Highlights from the paneer party:
– The villagers put on a kirtan: A kirtan is a group singing of Hindu devotional songs using instruments. The villagers started a kirtan with their local songs using drums & other local instruments. They were chanting in a rhythmic tone with all their energy. It was completely mesmerizing! They were putting all their heart into it… I couldn’t help but get up and start dancing on my feet. It felt so good, I didn’t care if I was the only one dancing in that circle.
I had so much energy riled up in me by the end of each song that I started HOWLINGGG as soon as they finished each song… I wanted to share my enthusiasm & energy with them as a way to thank them for the beautiful music. I enjoy giving these men something to laugh at haha
– When our Swedish friend brought his guitar to the fire circle. This was the first time these men had ever seen a guitar! It was amusing to see one villager attempt to hold guitar in position, let alone play it! He had no idea what to do with it, but he sang with a huge smile on his face.
– When the Swedes made a pot of black instant coffee. They offered some to the villagers, who were all interested to taste it. The first man who tried it spat it out instantly and moaned from disgust! After that, most of the villagers weren’t willing to try it anymore. They’re used to their chai full of milk and sugar.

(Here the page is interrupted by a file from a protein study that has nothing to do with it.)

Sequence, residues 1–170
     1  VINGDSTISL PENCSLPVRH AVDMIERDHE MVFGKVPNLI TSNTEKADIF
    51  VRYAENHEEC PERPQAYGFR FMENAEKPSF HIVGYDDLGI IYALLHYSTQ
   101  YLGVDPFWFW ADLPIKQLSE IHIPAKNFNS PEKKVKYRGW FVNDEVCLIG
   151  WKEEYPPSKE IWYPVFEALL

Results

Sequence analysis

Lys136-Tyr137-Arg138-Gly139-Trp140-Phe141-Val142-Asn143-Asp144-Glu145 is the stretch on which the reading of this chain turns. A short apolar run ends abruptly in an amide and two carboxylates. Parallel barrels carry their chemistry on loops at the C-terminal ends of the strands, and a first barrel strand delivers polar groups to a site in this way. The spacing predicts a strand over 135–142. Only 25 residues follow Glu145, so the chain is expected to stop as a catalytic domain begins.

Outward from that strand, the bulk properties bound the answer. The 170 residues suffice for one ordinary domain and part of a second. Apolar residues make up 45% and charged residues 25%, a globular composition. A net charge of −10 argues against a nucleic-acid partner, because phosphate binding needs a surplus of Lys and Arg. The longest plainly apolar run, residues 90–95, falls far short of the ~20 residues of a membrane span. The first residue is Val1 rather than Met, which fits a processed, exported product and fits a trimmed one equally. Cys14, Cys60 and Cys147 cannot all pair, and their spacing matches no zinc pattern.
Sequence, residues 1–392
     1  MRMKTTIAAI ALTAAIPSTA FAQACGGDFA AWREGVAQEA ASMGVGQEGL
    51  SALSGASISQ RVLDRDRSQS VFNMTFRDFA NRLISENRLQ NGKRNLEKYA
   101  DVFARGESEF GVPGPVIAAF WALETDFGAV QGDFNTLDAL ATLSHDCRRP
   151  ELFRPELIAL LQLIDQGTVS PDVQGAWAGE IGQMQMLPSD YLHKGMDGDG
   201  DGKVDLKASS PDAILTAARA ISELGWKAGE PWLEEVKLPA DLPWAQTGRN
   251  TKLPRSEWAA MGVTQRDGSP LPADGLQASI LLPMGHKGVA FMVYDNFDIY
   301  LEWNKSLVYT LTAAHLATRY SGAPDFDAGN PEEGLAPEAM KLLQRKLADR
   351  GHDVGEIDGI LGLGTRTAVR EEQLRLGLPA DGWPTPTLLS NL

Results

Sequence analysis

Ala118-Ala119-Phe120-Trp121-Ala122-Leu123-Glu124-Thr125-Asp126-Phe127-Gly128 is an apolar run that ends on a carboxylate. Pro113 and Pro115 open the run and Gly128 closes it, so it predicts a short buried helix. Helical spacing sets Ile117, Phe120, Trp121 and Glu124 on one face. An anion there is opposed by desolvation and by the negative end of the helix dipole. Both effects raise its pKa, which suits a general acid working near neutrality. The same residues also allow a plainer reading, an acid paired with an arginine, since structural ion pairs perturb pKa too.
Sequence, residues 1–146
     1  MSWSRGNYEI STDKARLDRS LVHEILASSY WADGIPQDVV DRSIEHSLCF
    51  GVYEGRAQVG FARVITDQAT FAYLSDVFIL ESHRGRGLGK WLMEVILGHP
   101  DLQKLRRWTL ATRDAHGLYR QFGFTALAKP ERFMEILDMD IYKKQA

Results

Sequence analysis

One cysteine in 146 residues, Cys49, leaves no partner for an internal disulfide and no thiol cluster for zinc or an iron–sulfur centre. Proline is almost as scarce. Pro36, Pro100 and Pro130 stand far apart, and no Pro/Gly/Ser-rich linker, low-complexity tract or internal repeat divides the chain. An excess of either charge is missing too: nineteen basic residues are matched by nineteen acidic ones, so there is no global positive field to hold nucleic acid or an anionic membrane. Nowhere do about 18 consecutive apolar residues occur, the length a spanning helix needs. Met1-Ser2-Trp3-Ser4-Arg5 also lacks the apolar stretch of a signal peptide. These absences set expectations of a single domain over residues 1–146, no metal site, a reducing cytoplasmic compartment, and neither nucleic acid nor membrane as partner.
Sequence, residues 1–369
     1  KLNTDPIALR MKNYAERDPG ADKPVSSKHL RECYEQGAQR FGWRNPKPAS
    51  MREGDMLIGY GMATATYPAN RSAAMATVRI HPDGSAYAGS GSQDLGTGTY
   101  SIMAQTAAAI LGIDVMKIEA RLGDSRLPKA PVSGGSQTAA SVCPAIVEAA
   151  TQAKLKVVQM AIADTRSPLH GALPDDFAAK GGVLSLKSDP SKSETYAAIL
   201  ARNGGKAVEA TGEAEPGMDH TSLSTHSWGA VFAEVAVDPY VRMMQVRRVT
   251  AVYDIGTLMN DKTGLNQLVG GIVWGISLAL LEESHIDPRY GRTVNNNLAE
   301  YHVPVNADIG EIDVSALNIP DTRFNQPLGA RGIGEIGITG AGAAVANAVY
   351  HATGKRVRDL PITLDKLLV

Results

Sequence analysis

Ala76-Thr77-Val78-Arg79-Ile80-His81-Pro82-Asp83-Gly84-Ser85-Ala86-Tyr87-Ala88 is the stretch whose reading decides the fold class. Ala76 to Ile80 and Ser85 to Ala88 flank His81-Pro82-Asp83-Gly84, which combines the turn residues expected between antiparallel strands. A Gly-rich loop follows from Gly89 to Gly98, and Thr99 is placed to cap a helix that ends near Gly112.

– Jacking off hand motion: At the end of the villager’s Bhajan, the main drummer looked at me and started doing an aggressive jacking off movement with his hands lol… I couldn’t tell if he was just having a laugh, or if it was a “fuck you, I’m hungry! You made us play for so long” haha.
After the music, the villagers feasted. The cooking crew were so sweet to continue making chapati, and to happily serve the other 20 villagers until their stomachs were full. They served me non-stop… and thank god, as I was starving! The cooking crew made over 270 chapatis that night, which means we ate at least 8 chapatis each lol.
When we were finally ready to hit the sack, Bala (the owner of this farm, and my protector) set up my cot with 2 mats, and covered me with 4 heavy blankets. Yeaaa, they spoil me… Bala even tucked me in!
The stars were so unbelievably bright, and there was no moon this night. I didn’t close my eyes for at least 30 minutes! Even if I tried to sleep, I couldn’t: My body was filled with unforgettable levels of energy from the connections developed with village people from vastly different cultures using only facial and hand gestures.
I woke up to Bala’s family sitting around a little fire near my cot, waiting for my lazy ass to wake up 🙂 . Bala walked over with a fresh neem tree branch… he knows how much I enjoy brushing my teeth using a natural neem branch. Meanwhile, his wife went to milk the buffalo to make me a chai (milk tea) using the fresh buffalo milk! They’re so sweet & caring <3.
Luckily, I was there when Bala’s wife poured the chai through the “strainer” into my cup…. she was using a freaking cloth that was on the dirt ground as the “strainer”! Oh hell no! That’s seriously disgusting…. that milky cloth was sitting on the dirt, and it definitely had remnants of the milk from chai made in previous days.
I accepted the chai with a smile 😀 . I can’t believe I even took a tiny sip. I had to get rid of this chai! So I pretended as though I got a phone call, walked off, and poured that chai into the ground once I was out of their sight. That was just fracking unsanitary!